I learnt, for instance, that Babur brought the Damask rose and perfume culture to India, and that he named his four daughters as a homage to the rose. And that it takes about 15,000 roses to create a vial of the pure essence of taifi, the Arabian rose. And that tea was popularized in Punjab only in the early 20th century due to the overproduction of the tea leaf when employees of the Indian Tea Board “were made to stand outside people’s homes and shops, offering chai along with a bun, free of cost.” I learnt about trenches and distilleries. All interesting, sure, but details belonging not in a novel on perfume and war but encyclopedia entries. Historicity is laid out with the earnest dryness of textbooks:
“In February 1942, as the commander of British Forces in Singapore surrendered to the Japanese, Burma lay vulnerable to invasion, leading the war to India’s eastern doorstep. Keen to secure India’s cooperation in an effort against the Japanese, the British government sent Sir Stafford Cripps, a member of the War Cabinet, to discuss its participation during the war and offer dominion status thereafter. But this proposal was swiftly rejected by nationalist leaders of all religions and parties.”
Malhotra shows her capacity to write fiction only in two scenes: Samir running through his charred home in Shahalmi Gate feeling “as though he had swallowed the world and the weight of it had multiplied inside his body.”
And earlier, a sweet love scene where teenaged Samir and Firdaus, flirt over a dictionary of poetic Urdu words:
“Irada — Intention. Had this list of words been extracted from his heart?
Just then, much to Samir’s surprise, Firdaus put down her atlik and qalam, slowly reached over to her father’s things, and picked up the second copy of the lughat.
‘Ishrat,’ she whispered. Happiness. A nine-year-old girl and a ten-year-old boy in a perfume shop.”
But it’s hard to sustain a love story when every time the heroine appears, the reader is reminded of her pistachio-coloured eyes. There are her “kohl-rimmed pistachio eyes,” there are “little wisps of honey and gold over a background of pistachio eyes,” then, her face partially covered by a dupatta, there’s “a single impassioned pistachio-green pupil peeking out.” There’s the time when “her eyes appeared more teal than pistachio.” And then there are times when the pistachio eyes of other members of her family are mentioned: her father, her uncle, her grandson.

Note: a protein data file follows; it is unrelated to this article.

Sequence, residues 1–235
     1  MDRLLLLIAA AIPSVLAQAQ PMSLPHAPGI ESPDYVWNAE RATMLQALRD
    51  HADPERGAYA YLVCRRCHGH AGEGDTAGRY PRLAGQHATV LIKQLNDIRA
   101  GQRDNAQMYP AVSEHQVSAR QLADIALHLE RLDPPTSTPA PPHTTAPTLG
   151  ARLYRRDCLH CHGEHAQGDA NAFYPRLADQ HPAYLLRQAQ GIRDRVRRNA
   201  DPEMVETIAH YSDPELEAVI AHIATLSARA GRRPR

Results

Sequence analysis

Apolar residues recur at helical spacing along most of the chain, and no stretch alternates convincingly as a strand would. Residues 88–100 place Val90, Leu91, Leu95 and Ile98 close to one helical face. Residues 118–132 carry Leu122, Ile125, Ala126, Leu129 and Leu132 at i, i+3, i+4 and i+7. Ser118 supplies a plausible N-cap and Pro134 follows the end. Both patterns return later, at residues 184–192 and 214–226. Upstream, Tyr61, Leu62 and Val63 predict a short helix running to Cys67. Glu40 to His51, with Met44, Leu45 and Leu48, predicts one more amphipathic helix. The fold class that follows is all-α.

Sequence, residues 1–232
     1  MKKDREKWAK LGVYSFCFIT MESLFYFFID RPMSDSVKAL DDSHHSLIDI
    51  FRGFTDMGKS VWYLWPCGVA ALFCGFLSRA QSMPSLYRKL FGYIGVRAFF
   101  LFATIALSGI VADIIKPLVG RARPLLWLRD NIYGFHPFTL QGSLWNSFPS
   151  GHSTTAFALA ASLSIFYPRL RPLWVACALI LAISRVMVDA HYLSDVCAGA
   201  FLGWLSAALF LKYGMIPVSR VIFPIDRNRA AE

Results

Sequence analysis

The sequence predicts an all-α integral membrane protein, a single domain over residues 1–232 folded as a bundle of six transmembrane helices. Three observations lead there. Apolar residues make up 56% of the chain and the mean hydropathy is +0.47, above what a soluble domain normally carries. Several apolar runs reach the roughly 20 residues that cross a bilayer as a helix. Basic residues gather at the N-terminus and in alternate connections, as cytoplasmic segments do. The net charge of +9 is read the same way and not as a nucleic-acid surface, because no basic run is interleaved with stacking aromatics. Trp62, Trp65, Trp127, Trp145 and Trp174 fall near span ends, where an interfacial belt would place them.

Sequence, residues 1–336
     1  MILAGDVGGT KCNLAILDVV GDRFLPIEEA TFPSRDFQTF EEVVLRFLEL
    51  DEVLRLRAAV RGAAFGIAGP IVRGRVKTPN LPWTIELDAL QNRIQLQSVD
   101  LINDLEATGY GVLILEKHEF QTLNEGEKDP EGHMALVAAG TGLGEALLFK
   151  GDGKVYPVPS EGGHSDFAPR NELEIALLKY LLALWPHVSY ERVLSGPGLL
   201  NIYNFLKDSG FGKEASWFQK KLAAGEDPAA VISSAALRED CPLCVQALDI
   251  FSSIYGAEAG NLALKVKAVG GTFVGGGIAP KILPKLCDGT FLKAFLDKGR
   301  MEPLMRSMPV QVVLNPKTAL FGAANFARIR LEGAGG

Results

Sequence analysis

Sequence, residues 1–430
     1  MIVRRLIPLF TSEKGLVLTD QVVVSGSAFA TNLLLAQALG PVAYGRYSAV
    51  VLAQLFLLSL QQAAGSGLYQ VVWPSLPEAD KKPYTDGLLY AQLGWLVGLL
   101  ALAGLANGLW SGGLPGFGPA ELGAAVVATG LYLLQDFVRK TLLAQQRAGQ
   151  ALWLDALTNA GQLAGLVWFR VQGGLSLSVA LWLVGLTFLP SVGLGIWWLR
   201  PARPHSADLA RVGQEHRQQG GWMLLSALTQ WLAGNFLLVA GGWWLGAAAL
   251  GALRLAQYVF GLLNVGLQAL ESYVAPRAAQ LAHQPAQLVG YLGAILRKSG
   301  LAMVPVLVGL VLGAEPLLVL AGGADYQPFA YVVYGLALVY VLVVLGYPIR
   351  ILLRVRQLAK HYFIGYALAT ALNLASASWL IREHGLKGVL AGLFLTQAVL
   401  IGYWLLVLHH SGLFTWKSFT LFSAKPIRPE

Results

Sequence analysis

It’s harder to dismiss the repetition of words than ideas. Malhotra, the memory keeper, describes her characters as custodians of other things often: “keeper of scents,” “keepers of the ancient art of papermaking,” “keeper of her own private seasons,” “the keeper of paradise…
The word memory shows up on what seems like every page.A small sample of excerpted sentences in no particular order:
“She was imprinted in his memory.”
“A perfume is composed with memories.”
“Her smell had become imprinted in his memory.”
“She was committing his features to memory.”
“Our sense of smell… a receptacle of memory and mystery.”
Also, the sense of smell as a way to “preserve intimacy, history, and, of course, memory.”
“Even history recedes into memory.”
Samir is “held prisoner by memory.”
A love note: “The paper boat of your memory has drowned in the river of this heart.”
By page 367, towards the end of the book, when Samir, talking of his home in Lahore, said he felt “weighed down by its memory,” The Book of Everlasting Things had been crushed by the word.
Still, its characters and setting are evocative, its tragedies sometimes tender, I could see it as a certain kind of sweet, simple film.
Saudamini Jain is an independent journalist. She lives in New Delhi.